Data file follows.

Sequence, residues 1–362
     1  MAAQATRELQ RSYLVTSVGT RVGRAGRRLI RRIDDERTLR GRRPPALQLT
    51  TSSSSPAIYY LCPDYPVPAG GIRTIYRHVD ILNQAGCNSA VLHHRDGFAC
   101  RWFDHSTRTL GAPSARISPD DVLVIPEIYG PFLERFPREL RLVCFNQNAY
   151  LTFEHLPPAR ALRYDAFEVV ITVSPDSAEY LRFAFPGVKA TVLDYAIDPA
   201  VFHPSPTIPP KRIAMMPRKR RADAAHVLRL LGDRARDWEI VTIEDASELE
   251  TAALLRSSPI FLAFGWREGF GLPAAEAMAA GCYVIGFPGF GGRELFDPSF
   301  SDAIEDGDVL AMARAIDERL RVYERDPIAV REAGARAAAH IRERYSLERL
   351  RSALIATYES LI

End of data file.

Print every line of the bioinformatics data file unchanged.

Sequence, residues 1–362
     1  MAAQATRELQ RSYLVTSVGT RVGRAGRRLI RRIDDERTLR GRRPPALQLT
    51  TSSSSPAIYY LCPDYPVPAG GIRTIYRHVD ILNQAGCNSA VLHHRDGFAC
   101  RWFDHSTRTL GAPSARISPD DVLVIPEIYG PFLERFPREL RLVCFNQNAY
   151  LTFEHLPPAR ALRYDAFEVV ITVSPDSAEY LRFAFPGVKA TVLDYAIDPA
   201  VFHPSPTIPP KRIAMMPRKR RADAAHVLRL LGDRARDWEI VTIEDASELE
   251  TAALLRSSPI FLAFGWREGF GLPAAEAMAA GCYVIGFPGF GGRELFDPSF
   301  SDAIEDGDVL AMARAIDERL RVYERDPIAV REAGARAAAH IRERYSLERL
   351  RSALIATYES LI